I argue here that consciousness can be engineered. The claim that functional consciousness can be engineered has been persuasively put forth in regards to first-person functional consciousness; robots, for instance, can recognize colors, though there is still much debate about details of this sort of consciousness. Such consciousness has now become one of the meanings of the term phenomenal consciousness (e.g., as used by Franklin and Baars). Yet, we extend the argument beyond the tradition of behaviorist or functional reductive views on consciousness that still predominate within cognitive science. If Nagel-Chalmers-Block-style non-reductive naturalism about first-person consciousness (h-consciousness) holds true, then, eventually we should be able to understand how such consciousness operates and how it gets produced (this is not the same as bridging the explanatory gap or solving Chalmers’s hard problem of consciousness). If so, the consciousness it involves can in principle be engineered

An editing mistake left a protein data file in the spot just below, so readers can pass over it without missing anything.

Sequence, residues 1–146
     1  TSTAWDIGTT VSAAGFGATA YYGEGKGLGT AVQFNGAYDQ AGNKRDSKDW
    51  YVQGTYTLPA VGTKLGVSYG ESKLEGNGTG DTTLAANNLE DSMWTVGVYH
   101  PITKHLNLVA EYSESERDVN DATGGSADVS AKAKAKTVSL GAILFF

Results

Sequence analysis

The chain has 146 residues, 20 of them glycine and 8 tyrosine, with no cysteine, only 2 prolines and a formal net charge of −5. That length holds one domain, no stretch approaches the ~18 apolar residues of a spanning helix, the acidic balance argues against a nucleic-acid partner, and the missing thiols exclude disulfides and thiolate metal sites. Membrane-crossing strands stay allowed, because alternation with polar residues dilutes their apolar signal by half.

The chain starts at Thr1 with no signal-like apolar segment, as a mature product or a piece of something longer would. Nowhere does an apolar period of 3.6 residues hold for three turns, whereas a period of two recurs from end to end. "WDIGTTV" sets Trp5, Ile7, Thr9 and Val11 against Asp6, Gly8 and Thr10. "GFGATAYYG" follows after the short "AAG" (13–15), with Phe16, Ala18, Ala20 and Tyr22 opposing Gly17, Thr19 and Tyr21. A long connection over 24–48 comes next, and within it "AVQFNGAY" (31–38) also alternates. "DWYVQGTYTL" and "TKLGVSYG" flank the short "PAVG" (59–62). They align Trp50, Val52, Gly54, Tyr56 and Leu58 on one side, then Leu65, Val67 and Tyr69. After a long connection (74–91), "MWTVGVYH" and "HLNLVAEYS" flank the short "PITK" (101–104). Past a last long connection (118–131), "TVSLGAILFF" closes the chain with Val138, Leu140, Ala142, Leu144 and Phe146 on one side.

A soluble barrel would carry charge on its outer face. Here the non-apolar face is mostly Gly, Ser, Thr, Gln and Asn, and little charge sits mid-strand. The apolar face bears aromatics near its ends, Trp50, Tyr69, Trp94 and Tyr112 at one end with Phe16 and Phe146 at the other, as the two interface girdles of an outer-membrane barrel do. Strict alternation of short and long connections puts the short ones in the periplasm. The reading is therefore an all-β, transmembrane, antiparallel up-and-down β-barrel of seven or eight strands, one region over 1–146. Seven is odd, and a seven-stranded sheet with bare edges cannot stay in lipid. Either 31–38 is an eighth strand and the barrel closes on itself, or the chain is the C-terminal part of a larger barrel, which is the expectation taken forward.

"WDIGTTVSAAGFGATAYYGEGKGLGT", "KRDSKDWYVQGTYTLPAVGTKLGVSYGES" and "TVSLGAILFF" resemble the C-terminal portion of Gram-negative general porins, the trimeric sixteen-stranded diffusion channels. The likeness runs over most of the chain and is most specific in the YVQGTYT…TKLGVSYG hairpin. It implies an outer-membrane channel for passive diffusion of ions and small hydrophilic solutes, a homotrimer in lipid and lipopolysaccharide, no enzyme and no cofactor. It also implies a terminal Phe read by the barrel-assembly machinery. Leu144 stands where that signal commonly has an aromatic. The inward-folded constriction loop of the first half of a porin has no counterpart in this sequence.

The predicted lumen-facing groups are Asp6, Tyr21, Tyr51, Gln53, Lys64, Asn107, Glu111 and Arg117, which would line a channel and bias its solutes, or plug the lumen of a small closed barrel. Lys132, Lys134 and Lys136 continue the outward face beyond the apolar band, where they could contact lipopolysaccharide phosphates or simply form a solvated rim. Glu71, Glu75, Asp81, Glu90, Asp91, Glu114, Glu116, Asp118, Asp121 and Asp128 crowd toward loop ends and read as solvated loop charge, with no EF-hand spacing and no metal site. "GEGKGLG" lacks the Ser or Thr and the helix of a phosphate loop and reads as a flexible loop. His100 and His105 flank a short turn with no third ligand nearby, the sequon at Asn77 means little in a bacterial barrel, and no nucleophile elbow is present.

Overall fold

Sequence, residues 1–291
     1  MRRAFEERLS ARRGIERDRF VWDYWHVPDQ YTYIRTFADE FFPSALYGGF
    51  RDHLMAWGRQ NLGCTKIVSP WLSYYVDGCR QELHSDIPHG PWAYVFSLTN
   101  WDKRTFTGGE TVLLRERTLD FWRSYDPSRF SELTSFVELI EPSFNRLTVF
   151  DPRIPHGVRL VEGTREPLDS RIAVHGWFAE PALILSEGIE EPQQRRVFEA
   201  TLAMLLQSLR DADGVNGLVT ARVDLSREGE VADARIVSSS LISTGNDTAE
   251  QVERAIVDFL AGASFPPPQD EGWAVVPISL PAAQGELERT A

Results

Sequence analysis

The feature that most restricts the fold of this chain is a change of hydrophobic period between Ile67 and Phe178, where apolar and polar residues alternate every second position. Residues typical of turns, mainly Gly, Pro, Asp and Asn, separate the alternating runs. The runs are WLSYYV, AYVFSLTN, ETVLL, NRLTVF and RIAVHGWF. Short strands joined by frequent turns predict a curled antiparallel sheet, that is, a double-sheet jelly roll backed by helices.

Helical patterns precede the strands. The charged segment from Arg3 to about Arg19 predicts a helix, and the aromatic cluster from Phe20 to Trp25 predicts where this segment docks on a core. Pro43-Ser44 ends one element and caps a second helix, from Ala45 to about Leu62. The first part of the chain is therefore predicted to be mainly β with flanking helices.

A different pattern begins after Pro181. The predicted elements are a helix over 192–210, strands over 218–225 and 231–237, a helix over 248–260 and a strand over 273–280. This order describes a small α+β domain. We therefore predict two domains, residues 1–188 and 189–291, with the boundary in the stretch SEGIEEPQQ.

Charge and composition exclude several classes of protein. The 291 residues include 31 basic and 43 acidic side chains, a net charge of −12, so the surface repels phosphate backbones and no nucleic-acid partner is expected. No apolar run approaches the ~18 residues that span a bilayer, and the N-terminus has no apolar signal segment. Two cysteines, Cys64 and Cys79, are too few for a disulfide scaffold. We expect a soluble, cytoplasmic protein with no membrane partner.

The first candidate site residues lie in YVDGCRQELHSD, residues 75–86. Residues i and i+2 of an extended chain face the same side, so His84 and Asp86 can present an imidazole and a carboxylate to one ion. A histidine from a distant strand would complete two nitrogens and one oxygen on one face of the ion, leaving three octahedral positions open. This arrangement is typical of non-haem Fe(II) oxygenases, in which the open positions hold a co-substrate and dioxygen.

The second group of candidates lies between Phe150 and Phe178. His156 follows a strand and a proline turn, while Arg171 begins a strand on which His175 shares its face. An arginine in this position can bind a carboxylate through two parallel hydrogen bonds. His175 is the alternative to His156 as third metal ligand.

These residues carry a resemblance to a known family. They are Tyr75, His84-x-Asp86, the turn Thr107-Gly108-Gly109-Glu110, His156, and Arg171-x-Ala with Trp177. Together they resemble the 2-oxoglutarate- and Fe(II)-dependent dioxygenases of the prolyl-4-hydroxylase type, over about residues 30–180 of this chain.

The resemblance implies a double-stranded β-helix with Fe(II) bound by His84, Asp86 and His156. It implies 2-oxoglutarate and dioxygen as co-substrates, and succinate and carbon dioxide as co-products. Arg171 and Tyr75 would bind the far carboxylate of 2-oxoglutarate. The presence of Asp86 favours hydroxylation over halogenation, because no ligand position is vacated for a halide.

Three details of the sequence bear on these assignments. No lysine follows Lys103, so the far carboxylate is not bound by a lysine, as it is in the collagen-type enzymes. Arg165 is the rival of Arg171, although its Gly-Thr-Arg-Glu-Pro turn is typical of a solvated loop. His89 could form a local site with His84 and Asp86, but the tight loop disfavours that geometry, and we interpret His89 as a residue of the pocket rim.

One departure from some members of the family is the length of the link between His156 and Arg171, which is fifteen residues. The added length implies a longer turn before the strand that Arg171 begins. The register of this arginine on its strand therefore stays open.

Keywords Applied Philosophy  Philosophy of Science  Social Science
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ISBN(s) 1091-8264
DOI 10.5840/techne201216214
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